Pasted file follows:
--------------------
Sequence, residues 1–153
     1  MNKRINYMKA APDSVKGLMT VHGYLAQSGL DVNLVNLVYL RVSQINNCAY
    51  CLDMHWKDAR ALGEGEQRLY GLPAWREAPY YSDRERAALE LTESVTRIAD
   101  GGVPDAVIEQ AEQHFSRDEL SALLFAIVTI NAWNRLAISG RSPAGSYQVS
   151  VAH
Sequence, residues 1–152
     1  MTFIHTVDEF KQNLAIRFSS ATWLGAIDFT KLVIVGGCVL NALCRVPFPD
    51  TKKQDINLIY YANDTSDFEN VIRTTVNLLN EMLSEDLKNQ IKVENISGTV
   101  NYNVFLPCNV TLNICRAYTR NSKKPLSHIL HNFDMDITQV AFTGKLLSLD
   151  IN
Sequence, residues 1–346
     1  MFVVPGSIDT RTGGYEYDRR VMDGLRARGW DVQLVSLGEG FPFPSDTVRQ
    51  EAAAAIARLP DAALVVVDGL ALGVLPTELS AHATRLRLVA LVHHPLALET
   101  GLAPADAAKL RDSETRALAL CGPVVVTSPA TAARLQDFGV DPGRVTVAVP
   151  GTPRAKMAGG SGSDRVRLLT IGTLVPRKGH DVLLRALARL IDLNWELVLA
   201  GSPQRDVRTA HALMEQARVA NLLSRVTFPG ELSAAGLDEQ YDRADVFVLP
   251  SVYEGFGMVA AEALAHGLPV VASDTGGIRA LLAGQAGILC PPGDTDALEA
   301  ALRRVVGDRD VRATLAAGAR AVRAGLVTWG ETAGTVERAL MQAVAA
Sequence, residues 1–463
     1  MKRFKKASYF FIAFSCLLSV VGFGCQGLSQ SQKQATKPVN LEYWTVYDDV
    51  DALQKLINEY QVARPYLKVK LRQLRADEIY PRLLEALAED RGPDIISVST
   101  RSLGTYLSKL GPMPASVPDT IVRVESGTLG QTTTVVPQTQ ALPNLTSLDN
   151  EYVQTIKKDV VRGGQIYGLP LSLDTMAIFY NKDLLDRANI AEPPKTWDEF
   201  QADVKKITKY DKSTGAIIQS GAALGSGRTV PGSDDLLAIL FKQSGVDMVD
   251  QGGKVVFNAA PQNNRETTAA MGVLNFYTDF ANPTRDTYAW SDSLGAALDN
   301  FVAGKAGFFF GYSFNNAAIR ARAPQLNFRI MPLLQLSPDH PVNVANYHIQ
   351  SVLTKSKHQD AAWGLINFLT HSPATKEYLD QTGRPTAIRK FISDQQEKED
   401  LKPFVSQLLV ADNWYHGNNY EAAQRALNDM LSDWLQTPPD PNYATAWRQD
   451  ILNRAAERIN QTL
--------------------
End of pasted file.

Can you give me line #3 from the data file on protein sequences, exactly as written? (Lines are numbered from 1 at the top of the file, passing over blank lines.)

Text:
    51  CLDMHWKDAR ALGEGEQRLY GLPAWREAPY YSDRERAALE LTESVTRIAD